Our corporate sustainability commitment ensures that we manage our planet’s precious natural resources in a responsible manner. That commitment also helps attract new talent as millennials seek out jobs that help them make a difference.
The job market in the United States is facing a sea change, with an estimated 10,000 baby boomers retiring each day. That’s nearly 4 million people stepping out of the workforce every year, creating personnel gaps in a wide range of industries.
Our company is feeling the effects of this so-called silver tsunami. Of our nearly 10,000 employees, almost 47 percent are at, or approaching, retirement age, according to our 2017 Sustainability Report. To sustain our current productivity levels and to encourage future growth, we must not only recruit the next generation of workers but also ensure the transfer of valuable knowledge from one generation to the next.
Our strong sustainability commitment gives us an edge as we look to rebuild our ranks from among the many millennials entering or already actively engaged in the workforce.
“The sustainability work Domtar does is, without question, the main reason young employees are interested in talking to us about career opportunities,” said Kimberly Riley, Domtar’s college recruitment coordinator. “What we find is that a lot of millennials watched their family members lose jobs and struggle with economic uncertainty. It’s put a different mentality inside them. Millennials are looking for companies that are stable and environmentally and socially responsible. This is where Domtar has the competitive advantage.”
The Millennial Boom
Millennials, defined by the U.S. Census Bureau as those born roughly between 1982 and 1998, became the largest generation in the American workforce in 2015, according to the Pew Research Center.
Sustainability is a major motivator for this large and influential group when it comes to seeking employment. According to a study by Cone Communications, 76 percent of millennials consider a company’s social and environmental commitments when deciding where to work (compared to a U.S. average of 58 percent). Additionally, 75 percent of millennials say they would take a pay cut to work for a company with a strong commitment to the environment (compared to a U.S. average of 55 percent). But working for an environmentally aware company is not enough; 89 percent of millennials said they want to be active participants in helping their company improve sustainability practices (compared to a U.S. average of 77 percent).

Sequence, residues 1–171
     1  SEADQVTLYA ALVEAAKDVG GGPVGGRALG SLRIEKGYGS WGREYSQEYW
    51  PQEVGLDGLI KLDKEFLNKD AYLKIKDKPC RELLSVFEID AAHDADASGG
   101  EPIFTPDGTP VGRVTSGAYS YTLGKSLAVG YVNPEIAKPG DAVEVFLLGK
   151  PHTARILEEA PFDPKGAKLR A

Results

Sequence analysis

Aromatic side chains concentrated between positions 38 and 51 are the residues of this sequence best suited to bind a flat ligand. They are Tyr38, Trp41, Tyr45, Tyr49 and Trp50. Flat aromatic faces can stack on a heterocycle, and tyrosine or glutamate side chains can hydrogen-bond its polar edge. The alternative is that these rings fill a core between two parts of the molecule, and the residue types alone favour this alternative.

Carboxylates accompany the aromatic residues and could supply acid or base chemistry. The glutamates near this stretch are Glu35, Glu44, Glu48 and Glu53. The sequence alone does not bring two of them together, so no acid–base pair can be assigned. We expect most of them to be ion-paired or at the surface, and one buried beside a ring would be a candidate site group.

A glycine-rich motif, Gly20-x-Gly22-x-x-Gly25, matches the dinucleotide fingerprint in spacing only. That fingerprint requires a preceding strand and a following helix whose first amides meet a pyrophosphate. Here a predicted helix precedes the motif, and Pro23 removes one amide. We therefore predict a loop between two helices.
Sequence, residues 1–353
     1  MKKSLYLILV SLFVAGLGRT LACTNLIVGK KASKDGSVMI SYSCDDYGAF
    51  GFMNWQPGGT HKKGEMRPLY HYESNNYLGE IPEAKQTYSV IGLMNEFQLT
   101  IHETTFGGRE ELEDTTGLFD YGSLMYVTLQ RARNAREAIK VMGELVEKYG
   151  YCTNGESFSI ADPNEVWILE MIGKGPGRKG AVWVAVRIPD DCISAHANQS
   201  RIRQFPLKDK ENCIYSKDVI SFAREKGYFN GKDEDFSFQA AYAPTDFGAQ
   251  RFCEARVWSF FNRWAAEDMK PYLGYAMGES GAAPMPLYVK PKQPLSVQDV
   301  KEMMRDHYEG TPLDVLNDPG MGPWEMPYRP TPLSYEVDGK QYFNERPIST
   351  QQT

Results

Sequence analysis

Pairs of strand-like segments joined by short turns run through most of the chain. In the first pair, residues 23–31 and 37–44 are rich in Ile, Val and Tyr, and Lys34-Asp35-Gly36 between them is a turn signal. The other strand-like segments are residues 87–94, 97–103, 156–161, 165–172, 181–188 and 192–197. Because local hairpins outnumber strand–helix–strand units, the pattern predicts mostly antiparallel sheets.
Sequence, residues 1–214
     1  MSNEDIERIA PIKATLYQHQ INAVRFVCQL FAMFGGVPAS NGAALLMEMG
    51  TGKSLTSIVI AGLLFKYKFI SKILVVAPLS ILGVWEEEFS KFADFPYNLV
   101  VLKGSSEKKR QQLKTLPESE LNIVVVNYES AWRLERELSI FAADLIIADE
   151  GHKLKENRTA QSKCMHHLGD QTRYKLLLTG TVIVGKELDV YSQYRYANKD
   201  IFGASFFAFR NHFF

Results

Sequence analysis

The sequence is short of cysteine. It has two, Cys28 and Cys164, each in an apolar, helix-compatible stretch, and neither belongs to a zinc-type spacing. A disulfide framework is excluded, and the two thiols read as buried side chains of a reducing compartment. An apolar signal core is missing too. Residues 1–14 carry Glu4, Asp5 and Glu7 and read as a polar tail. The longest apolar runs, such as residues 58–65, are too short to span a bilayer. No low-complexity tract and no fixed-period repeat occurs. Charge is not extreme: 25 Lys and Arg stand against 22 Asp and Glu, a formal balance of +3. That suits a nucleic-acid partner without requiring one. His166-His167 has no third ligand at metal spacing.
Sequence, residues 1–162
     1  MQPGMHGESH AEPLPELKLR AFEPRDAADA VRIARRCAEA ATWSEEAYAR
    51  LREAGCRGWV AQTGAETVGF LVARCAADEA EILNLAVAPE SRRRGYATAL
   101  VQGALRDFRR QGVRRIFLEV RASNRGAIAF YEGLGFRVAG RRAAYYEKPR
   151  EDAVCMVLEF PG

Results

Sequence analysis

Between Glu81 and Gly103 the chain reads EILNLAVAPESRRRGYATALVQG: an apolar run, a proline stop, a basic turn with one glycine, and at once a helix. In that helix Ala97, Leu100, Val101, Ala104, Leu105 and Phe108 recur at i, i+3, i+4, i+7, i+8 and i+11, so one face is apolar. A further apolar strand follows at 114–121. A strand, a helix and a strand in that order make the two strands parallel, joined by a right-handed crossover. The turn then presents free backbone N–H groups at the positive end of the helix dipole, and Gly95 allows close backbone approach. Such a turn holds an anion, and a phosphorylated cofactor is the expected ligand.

Working Smart for the Long Term
That’s where our focus on caring for people and communities, our dedication to efficient manufacturing and our commitment to responsible sourcing and logistics pay off. Our sustainability commitment is integrated into every corner of our business. Our 2017 Sustainability Report, “Working Smart for the Long Term,” highlights many recent accomplishments, including:
4,000+ hours contributed by employees at company-sponsored community events in 2016
33 percent reduction in the amount of waste pulp and paper mills sent to landfills since 2013
75 percent renewable energy used in our mills in 2016
13 percent reduction in greenhouse gas emissions at mills since 2010
“Most of the college students we talk to home in on the sustainability of our company,” said Erin Boswell, a talent acquisition partner for Domtar. “But we are not resting on our laurels. The market is very competitive, so we’re working to build stronger relationships with universities and students.”
Sustainability Commitment Resonates with Job Seekers
We participate in college job fairs while also partnering with universities to develop industry-specific curriculum. We also offer scholarships, and we are committed to hiring interns and providing them with hands-on industry experience. Plus, we create personalized messaging aimed at the millennial audience. Along with a corporate video produced to accompany the 2017 Sustainability Report, we created a video starring our summer college interns, who spoke about what they liked about our sustainability commitment.
“Our younger hires have a tremendous advantage,” said Riley. “They are coming in at a time when they can still learn from the vast knowledge of baby boomer employees. Then they can take that experience, put their stamp on it and move up faster within the company. It’s a great time to be a millennial at work.”